October is Down Syndrome Awareness month. Over the years, I have had the pleasure to work with many individuals with Down Syndrome and I have learned so much from them. Among the most important things is the fact that they are more like us than not. One young lady, Rachel, has found a special place in my heart. She and her mother are advocates of inclusion for individuals with Down Syndrome. Check out this video that Rachel was in:
Also, be sure to check out Rachel’s mom’s blog, The Sassy Southern Gal.
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October is Learning Disabilities Awareness Month. Perhaps your life has been touched in some way by a learning disability. If so, there are some amazing resources for you, whether a parent, a student, or educator. LD Online is one of them, which provides guides for educators and parents. One I would like to highlight is an article outlining very useful information for parents of students with learning disabilities and how to help them experience success. It is based on longitudinal research and identifies 6 success attributes that really make a difference and are more important than IQ and grades: Continue reading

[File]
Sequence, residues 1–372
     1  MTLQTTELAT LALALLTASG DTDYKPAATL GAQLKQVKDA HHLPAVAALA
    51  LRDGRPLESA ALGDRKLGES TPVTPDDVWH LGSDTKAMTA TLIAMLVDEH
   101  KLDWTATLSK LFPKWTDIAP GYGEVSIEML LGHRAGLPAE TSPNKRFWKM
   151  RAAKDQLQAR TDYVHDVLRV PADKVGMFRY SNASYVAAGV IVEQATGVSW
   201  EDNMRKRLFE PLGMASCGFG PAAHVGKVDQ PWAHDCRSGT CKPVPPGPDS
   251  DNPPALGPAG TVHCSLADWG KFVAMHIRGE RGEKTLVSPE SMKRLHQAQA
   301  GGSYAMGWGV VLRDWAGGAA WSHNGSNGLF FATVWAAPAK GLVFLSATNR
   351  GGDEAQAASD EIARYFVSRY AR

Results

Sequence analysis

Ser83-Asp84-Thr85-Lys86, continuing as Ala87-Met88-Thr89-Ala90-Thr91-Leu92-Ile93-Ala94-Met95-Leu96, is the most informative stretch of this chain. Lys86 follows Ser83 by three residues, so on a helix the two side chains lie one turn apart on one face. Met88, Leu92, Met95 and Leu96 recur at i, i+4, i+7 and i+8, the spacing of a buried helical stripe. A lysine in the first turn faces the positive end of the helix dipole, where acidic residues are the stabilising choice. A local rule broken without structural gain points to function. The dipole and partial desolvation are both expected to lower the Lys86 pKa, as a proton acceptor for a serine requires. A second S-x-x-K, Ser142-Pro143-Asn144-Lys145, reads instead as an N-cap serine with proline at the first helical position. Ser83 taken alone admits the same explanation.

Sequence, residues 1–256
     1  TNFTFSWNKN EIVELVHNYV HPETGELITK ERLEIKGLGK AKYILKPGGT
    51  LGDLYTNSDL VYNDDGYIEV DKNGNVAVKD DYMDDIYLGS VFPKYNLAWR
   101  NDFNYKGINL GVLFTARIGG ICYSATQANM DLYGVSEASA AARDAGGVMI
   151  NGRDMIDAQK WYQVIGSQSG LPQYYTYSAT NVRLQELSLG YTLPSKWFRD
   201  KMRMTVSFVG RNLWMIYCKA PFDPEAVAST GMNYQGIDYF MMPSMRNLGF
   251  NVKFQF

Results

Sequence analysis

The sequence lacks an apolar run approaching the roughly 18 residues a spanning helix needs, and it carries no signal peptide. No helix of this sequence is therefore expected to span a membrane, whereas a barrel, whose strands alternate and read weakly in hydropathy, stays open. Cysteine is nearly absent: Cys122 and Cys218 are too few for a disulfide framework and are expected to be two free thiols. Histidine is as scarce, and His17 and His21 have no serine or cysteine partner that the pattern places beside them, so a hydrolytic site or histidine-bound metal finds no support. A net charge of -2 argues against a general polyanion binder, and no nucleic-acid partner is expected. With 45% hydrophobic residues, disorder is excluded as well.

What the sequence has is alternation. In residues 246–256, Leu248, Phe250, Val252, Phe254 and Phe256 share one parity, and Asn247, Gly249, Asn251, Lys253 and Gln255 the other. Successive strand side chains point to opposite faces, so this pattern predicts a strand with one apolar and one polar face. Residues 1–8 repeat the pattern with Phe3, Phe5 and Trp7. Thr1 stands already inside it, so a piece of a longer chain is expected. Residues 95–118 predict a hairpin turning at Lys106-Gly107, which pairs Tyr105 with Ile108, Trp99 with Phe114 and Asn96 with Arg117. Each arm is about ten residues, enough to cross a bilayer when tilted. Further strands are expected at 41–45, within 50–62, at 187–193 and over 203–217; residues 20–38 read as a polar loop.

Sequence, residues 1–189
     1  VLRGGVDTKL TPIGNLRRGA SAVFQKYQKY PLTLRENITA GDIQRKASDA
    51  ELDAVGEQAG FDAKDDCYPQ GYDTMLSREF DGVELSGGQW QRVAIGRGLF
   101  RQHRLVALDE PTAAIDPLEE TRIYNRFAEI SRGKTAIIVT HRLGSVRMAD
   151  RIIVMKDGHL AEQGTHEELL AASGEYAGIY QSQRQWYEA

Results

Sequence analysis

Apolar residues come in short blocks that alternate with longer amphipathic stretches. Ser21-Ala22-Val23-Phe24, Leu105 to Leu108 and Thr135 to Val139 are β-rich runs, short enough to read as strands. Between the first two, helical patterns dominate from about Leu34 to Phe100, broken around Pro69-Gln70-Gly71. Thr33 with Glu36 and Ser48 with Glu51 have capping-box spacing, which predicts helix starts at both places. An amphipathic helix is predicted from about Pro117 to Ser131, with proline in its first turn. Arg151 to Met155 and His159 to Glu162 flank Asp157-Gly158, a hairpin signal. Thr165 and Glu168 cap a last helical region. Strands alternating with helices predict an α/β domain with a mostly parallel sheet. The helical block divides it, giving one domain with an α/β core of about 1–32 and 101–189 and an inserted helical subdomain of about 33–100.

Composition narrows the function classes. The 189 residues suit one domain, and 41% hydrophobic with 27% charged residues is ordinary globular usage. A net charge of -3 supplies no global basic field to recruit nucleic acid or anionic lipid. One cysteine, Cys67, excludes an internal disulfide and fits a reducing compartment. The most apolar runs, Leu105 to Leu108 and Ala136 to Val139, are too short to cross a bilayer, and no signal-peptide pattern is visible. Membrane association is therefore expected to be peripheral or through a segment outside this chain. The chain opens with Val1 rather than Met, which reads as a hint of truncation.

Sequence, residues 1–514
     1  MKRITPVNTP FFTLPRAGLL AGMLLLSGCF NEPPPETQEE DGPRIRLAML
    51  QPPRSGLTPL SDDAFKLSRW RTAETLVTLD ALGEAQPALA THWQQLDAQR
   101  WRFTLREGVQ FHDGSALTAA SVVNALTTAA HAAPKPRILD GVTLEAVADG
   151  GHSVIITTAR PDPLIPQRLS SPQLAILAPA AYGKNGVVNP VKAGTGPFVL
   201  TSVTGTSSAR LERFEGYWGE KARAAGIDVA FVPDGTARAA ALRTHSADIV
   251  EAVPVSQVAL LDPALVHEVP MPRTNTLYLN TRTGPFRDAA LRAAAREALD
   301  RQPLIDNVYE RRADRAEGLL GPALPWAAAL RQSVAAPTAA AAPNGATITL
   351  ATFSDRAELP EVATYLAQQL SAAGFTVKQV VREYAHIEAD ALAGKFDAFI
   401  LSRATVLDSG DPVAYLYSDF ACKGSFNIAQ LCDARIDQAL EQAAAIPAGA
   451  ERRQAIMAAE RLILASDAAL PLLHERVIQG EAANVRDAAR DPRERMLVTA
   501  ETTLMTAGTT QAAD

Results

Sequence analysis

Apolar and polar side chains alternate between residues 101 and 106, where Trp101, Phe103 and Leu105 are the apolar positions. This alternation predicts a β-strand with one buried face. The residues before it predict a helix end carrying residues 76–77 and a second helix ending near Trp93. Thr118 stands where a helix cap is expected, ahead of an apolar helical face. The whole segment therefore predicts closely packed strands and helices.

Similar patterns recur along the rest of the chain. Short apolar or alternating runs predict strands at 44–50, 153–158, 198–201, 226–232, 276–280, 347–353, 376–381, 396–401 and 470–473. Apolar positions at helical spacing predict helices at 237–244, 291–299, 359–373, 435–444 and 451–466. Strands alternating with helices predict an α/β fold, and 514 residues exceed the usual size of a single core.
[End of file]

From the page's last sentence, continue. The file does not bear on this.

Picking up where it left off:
I’m editing this post because I failed to add a resource. The Jason Foundation is a wonderful resource for youth, parents, students, parents, and professionals. They provide training modules and provide valuable information. There is also an app called “A Friend Asks” that provides tips for helping a friend who may be at risk for suicide. Please check it out and pass it along!
This month, I would like to touch on a subject that not many people want to talk about: suicide. It’s likely that your life has been affected by suicide in some way.
Last year, we held an assembly for our high school students on awareness and prevention. To start the assembly, everyone was asked to stand up if their lives had been touched in some way by suicide. Continue reading
Yesterday, I had the pleasure of watching competitors at the Special Olympics state competitions. Despite the horrendous heat, the competitors gave it their all!